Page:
So, forget about loss. The bleak conjuring of crushed bicycles or the cold loss of alienation. Whatever is coming is coming.
Think of this as a poem.
Like most parents, I live in the dual spaces of ecstatic joy and plodding effortfullness. Working at getting things done that a parent needs to get done, as if that is somehow the purpose of living…getting things done. The decades long process of raising a child puts one at constant risk for the loss of spontaneity and play. Replaced with talking at and lists. Do this. Do that. Get it done. And for whom? Whose lists are these anyway?
We become calliopes of demand, honking and clanging at our children, fueled by consumerism, and success panic, leading ultimately to what? Task master as love? Doing as being? Leaving, most likely. The empty nest. The goodbye.
I saw it in my exhausted departure from my own mother’s house. We finally released our mutual choke hold when I turned eighteen and I walked out to a friend’s car to disappear from her orderly life. Not remotely prepared for the world, but going anyway. She has not really seen me since. A few moments of connection, honest moments I can count on one hand.
There is the pang of missed opportunities that remains across across all the years, a generations old emotional stone that spreads its chilly ripples as I struggle to be a lively engaged parent to my son. What’s the use? Its going to go to shit. Arguments about car keys and back talk. The shattering of increasingly brittle trust and paths that lead to darkened emotional spaces, dirty and disorganized. Leave the lights off. It’s better not looking.
And then I see him laughing, and I’m laughing too. We’re across from each other on a chilly morning in December, just days ago, our knees touching. A warm cup in my hand. The floor cluttered with cast off items and wadded paper. The table piled with drawings and plates, log jams of colored pencils. The explosive laughter grows as we realize the second, the third layer of the joke, seeing that realization blooming in each others eyes. Oh man, RIGHT NOW we’re never gone. So hard to remember. So hard to declare.
We can be grief-stricken animals if we let fear be our lead story. Loss becomes our only valid sign post for living. Loss is our marker that something real has happened. And so, our future is irrevocably defined by the events of our past when we had no choice, no control.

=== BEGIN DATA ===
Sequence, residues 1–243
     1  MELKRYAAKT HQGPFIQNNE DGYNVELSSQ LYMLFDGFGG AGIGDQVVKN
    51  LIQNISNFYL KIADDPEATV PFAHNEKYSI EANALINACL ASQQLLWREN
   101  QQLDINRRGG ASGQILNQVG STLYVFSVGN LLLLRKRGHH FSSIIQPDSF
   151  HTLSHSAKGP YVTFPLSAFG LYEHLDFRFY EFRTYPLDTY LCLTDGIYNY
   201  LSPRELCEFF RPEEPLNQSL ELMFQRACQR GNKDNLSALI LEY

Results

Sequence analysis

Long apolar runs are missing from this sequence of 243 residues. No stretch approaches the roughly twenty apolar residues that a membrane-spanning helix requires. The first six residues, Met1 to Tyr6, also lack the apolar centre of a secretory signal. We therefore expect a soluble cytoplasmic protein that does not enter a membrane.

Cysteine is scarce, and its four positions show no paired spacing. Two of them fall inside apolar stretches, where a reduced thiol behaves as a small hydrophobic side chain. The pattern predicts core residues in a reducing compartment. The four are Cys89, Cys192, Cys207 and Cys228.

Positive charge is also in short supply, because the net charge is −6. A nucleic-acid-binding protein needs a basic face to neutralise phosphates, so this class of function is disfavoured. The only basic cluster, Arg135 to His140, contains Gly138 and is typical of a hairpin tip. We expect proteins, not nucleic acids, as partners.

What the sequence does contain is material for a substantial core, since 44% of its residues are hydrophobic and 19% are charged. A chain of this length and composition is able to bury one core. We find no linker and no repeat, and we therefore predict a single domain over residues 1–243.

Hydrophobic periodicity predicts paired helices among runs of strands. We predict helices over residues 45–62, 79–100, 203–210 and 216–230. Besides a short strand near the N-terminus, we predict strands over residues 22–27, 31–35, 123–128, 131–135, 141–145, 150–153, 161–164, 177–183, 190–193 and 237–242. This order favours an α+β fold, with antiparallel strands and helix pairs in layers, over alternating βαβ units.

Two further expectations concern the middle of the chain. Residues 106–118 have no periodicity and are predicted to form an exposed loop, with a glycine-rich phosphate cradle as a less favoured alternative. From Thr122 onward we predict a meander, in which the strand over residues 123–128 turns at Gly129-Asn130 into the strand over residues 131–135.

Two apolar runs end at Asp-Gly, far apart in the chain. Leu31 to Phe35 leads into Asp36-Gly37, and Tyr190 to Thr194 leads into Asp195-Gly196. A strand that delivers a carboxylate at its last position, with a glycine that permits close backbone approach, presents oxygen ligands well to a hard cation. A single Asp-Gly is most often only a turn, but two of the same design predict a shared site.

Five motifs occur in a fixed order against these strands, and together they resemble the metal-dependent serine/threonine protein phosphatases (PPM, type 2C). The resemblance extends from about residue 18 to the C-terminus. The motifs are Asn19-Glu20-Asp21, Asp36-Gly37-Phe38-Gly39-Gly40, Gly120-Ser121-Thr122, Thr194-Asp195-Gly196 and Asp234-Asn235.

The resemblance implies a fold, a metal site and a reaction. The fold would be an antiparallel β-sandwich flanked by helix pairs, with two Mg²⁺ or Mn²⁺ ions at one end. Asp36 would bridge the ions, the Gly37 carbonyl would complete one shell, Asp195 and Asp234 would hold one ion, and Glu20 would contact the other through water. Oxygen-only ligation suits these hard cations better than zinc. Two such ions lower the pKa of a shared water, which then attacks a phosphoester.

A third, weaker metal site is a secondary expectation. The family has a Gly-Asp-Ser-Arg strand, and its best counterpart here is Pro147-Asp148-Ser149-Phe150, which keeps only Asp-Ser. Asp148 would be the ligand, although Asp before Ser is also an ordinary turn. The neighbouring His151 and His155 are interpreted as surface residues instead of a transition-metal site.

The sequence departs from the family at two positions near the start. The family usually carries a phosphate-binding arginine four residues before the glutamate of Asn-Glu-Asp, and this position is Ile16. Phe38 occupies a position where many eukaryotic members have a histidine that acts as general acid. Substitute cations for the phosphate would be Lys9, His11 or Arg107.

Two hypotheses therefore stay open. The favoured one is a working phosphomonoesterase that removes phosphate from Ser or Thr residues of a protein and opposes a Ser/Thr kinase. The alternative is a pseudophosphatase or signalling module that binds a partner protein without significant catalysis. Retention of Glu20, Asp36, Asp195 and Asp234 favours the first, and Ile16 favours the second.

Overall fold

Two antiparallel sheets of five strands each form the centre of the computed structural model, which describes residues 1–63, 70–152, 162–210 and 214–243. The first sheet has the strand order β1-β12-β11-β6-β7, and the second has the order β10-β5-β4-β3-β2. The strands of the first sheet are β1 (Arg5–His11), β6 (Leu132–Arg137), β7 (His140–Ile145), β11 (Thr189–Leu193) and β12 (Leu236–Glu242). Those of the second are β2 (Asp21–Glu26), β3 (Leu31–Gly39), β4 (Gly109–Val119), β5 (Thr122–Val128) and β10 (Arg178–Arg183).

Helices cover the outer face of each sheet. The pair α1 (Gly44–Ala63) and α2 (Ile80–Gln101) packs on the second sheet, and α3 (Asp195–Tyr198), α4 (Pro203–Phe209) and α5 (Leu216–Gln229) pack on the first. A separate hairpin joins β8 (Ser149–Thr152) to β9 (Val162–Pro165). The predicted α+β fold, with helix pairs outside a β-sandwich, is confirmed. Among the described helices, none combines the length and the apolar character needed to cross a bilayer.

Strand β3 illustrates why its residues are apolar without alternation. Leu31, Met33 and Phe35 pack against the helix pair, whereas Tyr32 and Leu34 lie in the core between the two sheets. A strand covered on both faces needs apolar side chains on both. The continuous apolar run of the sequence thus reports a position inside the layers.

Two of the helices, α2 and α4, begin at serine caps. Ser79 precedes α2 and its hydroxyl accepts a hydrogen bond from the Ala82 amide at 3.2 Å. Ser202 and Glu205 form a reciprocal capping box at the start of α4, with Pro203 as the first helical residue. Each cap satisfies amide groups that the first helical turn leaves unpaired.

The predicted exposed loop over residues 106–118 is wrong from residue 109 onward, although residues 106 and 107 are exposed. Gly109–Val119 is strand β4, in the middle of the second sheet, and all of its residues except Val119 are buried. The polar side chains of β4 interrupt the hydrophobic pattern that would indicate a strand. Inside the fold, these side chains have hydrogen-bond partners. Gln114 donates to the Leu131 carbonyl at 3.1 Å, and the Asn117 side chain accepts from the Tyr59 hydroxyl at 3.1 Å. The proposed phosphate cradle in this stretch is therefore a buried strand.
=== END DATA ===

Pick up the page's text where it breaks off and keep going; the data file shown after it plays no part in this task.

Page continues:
Well, piss on that. Okay? I’m just gonna say it.
Because inside me, when I fall into that funerary mindset, that rainy droning burial of my child’s hopes, my anger rises to meet it. My son has the courage to laugh. My son has a light in his eyes that startles me with its intensity, humor, mischievous joy and strength of will. My son sings, “get up, stand up” and dances across the living room.
And in a flash, I follow my anger up and out. What the hell? For my my sweet laughing wife. For my son, bright eyed and beautifully chaos smitten. For every child standing in the shadow of judgement and policing, I follow it up. My anger is my shield and my sword against the stupid, repeating, idiotic stories of failure we cut our milk teeth on. Enough, of that bullshit.
So forget the departures. The bleak conjuring of crushed bicycles and police tape or the cold loss of alienation. Whatever is coming is coming. Shake your fist at “what’s coming”. And turn your attention to now. Right now.
Hold your child close and tell him/her loud and clear. “I love you. I love you so much, I can’t stand it!”
They’ll know exactly what you mean. They always do.
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Remaking Manhood is a collection of Mark Greene’s most widely shared articles on American culture, relationships, family and parenting. It is a timely and balanced look at the issues at the heart of the modern masculinity movement. Mark’s articles on masculinity and manhood have received over 100,000 FB shares and 10 million page views. Get Remaking Manhood IN PRINT or on the free Kindle Reader app for any Mac, Windows or Android device here.